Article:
# Find the locus of the point of intersection of 2 normals to a parabola

This is a question I am struggling with as I work through a pure maths book as a hobby:

Prove that the normal to the parabola $$y^2=4ax$$ at the point $$at^2,2at)$$ has the equation $$y+tx=2at+at^3$$. The normals at the points $$P(ap^2, 2ap)$$ and $$Q(aq^2,2aq)$$ intersect at the point R. Find the coordinates of R in terms of $$(p+q)$$ and $$pq$$. if O is the vertex of the parabola and P and Q are variable points such that $$\angle POQ$$ is a right angle, find the locus of R; verify that it is a parabola and find the coordinates of the vertex.

For the first part:

$$y=2at \rightarrow \frac{dy}{dt}=2a\\ x=at^2 \rightarrow \frac{dx}{dt}=2at\\ \frac{dy}{dx}=\frac{2a}{2at}=\frac{1}{t}\\$$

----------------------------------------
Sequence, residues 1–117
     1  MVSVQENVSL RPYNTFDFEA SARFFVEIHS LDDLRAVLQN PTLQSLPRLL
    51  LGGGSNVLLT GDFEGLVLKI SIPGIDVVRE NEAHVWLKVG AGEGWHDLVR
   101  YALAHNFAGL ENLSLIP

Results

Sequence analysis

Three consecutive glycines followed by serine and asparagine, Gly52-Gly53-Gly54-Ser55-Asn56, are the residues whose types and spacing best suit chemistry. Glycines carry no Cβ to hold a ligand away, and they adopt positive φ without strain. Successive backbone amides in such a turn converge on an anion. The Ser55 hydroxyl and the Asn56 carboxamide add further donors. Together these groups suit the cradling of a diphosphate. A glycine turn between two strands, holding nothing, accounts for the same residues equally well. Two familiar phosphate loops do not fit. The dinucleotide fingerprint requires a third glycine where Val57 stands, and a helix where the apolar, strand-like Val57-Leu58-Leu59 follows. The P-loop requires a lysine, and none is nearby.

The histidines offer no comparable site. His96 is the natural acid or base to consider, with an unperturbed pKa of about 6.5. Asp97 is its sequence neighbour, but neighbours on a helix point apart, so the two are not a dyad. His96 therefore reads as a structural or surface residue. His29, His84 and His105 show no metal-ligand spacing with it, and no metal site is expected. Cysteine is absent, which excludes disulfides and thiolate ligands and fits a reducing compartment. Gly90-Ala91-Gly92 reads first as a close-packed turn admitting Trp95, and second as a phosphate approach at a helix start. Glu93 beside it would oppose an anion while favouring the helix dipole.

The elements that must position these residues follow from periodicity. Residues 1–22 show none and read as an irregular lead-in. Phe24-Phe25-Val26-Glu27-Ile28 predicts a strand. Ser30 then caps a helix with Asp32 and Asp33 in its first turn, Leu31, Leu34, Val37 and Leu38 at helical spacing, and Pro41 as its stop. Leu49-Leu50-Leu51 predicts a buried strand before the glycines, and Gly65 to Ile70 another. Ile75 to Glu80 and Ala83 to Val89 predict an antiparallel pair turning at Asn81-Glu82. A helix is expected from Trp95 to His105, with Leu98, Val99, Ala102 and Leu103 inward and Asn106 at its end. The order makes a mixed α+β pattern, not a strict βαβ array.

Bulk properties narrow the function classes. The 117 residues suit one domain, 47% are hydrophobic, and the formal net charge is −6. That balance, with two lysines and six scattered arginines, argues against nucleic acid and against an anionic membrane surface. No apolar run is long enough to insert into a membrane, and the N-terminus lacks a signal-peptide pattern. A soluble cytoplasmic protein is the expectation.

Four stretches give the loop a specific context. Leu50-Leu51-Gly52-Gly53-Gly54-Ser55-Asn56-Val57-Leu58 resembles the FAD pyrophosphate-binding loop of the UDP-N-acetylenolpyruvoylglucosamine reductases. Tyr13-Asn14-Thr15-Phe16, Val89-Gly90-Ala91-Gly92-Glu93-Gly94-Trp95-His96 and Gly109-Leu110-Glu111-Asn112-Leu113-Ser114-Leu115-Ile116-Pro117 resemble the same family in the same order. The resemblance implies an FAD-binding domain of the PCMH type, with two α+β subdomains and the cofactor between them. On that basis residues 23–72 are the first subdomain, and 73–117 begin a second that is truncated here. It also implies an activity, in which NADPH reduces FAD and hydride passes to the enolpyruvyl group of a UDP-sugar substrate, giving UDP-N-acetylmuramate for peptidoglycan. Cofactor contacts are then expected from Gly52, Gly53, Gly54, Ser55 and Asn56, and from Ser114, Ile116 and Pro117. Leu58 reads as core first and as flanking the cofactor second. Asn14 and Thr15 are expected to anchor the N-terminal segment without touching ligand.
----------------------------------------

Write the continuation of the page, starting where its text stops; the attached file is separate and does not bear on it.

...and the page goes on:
$$\rightarrow$$ Gradient of normal = $$-t \rightarrow$$ equation of normal at $$(at^2,2at)$$ is:

$$\rightarrow y-2at={-t}(x-at^2)\\ \rightarrow y+tx=2at+at^3$$

So we then find the point of intersection of the 2 normals at P and Q at point R:

$$2ap+ap^3-px=2aq+aq^3-qx$$

This eventually gives coordinates of

$$\\x=a\{2+(p+q)^2 -pq\}\\ y=-apq(p+q)$$

Now I need to use this to find the locus of R. I can find no way get rid of the p's and q's to express y in terms of x. I feel the fact that POQ is a right angle is relevant but cannot see how, unless it is merely to indicate that P and Q are on opposite sides of the x-axis. The book says the answer is $$y^2=16a(x-6a)$$

Slope of $$OP$$ is $$\frac{2ap}{ap^2}=\frac2p$$ Similarly, slope of $$OQ$$ is $$2/q$$. If they are perpendicular, it means $$\frac2p\frac2q=-1$$or $$pq=-4$$. Plug this into your equation for $$y$$, and write $$(p+q)$$ in terms of $$y$$. Then use this expression, and plug it into $$x$$.